The NCMN Central Facility for X-Ray Structural Characterization / Crystallography has been established to bring on-site small molecule crystal structure determination and analysis to UNL. Services provided include unit cell determinations, complete structure determinations, and collection of single crystal data for users to solve and refine themselves. A Bruker AXS SMART APEX instrument equipped with an Oxford Cryosystems 700 series Cryostream is used to collect the single crystal data. A Meiji stereo zoom microscope with polarizer attachment is used to select single crystal samples. A special fitting for the Meiji microscope allows a digital camera to photograph the crystals.
The facility holds licenses for the Bruker AXS software, including SMART, SAINT, SADABS, SHELXTL and XSHELL, as well as ATOMS and the Cambridge Structural Database (CSD). There are also many freeware crystallography programs which are maintained on the facility computers, such as PLATON and ORTEP. There are one Mac and 3 PC’s available in the facility for collecting data and performing structure determinations. The specialist is available daily for consultation and can provide advice on crystallization techniques or problems. The Bruker AXS SMART APEX CCD X-ray Diffractometer is equipped with a 4K Apex CCD detector, a Mo sealed-tube X-ray source, and MonoCap collimator, and an Oxford Cryosystems 700 Series Cryostream Cooler. The data collection temperature ranges from 80 to 400 K. The standard operating temperature is 120 K for materials that do not undergo phase transitions. Users are encouraged to communicate their preference for data collection temperature.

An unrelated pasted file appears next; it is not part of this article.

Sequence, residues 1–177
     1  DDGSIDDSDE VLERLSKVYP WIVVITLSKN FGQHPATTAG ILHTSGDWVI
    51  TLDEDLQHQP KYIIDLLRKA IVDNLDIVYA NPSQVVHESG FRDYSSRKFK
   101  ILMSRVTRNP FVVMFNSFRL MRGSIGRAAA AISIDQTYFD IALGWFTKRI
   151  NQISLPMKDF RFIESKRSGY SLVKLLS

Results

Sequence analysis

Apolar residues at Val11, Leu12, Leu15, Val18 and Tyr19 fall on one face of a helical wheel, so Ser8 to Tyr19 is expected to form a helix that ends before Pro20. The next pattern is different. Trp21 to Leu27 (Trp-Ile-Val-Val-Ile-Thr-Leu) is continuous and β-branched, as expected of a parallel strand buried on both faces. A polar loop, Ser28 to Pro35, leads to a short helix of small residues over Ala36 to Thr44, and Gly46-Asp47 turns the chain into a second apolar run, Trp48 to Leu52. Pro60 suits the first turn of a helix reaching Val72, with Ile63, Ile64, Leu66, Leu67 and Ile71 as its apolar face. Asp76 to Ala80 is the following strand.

Data collection and structure determinations are performed on a first-come, first-serve basis. If you are preparing a highly unstable and possibly fleeting material, make arrangements ahead of time with the specialist. When a structure is considered final and complete, a CD will be written containing all pertinent data and distributed to the user who submitted the crystal. If users develop a later need for different pictures or new analysis of interactions, they should see the specialist with the archived CD in hand. A folder will be saved on your archive CD called FINAL. All pertinent files (.cif, .res, tables, ortep, etc.) will be saved in this folder.
You are responsible for safekeeping your own released data.
If you need to meet with the specialist, please visit the facility for questions and information.
Dr. Shah Valloppilly, Specialist
The Bruker AXS SMART APEX CCD X-ray Diffractometer.